Well, there are a few main mechanisms water gets behind even the most caulked siding. First, moisture enters the system through imperfections in the caulking job. That is to say, there will always be a few cracks and gaps that allow moisture to enter the system. These cracks and gaps will just get worse over time. The second way moisture enters the system is through the walls from inside the house. This mechanism stems from the natural humidity in an occupied home and is unavoidable.

Because of the danger of over caulking wood siding, it is very important to only caulk some of the siding joints. Read the next two sub-sections to learn where to and where not to caulk wood siding. Read this related post to learn about caulking around crown molding: Should You Caulk Crown Molding? [Here’s When And How To]

Where Do You Caulk Wood Siding?

Caulk wood siding around trim and at butt joints or other places with unsightly gaps. Trim is the wood that borders the edges of windows, doors, and most homes' corners. Butt joints refer to when two pieces of siding meet each other within an open stretch of wall.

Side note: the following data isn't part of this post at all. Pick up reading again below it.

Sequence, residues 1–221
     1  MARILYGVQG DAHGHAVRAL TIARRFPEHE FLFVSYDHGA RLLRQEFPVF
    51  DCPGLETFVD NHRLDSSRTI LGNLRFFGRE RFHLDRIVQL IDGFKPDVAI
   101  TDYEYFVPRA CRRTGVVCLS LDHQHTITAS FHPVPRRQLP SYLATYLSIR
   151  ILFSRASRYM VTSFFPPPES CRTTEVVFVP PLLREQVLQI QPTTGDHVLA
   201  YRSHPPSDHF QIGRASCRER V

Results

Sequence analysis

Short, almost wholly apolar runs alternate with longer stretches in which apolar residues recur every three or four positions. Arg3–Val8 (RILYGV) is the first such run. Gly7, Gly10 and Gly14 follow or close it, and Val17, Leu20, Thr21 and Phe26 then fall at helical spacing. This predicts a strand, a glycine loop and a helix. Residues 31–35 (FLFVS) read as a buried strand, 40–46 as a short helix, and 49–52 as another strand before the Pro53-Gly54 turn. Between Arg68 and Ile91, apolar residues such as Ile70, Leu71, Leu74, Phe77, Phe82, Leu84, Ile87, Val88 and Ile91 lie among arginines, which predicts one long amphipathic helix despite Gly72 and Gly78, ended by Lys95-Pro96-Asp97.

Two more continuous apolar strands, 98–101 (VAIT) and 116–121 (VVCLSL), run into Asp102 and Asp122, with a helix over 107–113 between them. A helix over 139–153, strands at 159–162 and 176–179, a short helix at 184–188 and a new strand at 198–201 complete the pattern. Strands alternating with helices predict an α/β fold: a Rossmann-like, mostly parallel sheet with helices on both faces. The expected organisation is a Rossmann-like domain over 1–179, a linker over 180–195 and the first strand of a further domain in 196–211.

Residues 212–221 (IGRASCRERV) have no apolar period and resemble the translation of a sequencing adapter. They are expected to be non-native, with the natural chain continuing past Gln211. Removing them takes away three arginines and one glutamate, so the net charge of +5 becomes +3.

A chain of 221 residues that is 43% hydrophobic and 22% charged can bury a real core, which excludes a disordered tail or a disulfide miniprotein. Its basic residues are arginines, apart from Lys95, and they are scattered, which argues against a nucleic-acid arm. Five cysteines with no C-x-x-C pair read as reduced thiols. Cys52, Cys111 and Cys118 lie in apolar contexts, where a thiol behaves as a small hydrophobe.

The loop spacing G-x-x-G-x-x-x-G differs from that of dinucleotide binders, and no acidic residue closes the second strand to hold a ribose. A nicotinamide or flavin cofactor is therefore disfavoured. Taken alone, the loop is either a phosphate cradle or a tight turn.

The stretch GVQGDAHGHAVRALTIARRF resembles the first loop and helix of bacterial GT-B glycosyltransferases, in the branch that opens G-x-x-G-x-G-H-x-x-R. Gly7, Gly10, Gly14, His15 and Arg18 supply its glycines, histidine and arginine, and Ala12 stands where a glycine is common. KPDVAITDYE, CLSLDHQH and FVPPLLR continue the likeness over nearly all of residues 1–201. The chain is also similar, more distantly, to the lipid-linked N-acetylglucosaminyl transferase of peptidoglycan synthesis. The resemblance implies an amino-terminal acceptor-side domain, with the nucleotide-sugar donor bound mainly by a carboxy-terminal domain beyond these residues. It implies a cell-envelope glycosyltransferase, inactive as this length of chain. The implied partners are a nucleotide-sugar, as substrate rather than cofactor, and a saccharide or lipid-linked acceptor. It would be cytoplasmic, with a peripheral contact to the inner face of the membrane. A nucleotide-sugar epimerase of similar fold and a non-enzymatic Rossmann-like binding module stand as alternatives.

Traditional home with natural wood, siding and stone exterior

As long as the gap is 1/4-inch or so, caulk can easily be used around the trim. Further, only caulk joints where wood touches wood. Different carpenters might caulk trim siding with different patterns (e.g., some caulk around the bottom of windows, others do not). What is important is that once you pick a caulking pattern, stick with it throughout the house.

Caulking butt joints is relatively straightforward. Where one piece of siding hits another piece of siding, caulk over the small gap left between the two pieces. Overall, caulk gaps in siding that are unsightly and eye-catching.

Where Do You Not Caulk Wood Siding?

The rules about where to not caulk siding are more important than where you can caulk siding. Do not caulk under horizontal siding, between vertical siding, around wood shakes, over nails, or over flashing. Following these rules will ensure that any moisture that makes it behind your siding will have a place to escape.

Under Horizontal Wood Siding

Usually, the top piece of horizontal wood siding overlaps the piece below it. This pattern allows water to easily run down the sides of the house. Because the bottom edge of the horizontal siding is the most protected from the elements, it makes for a good place to let water escape. Thus, even if you caulk all other gaps in your horizontal siding, leave the bottom edges uncaulked.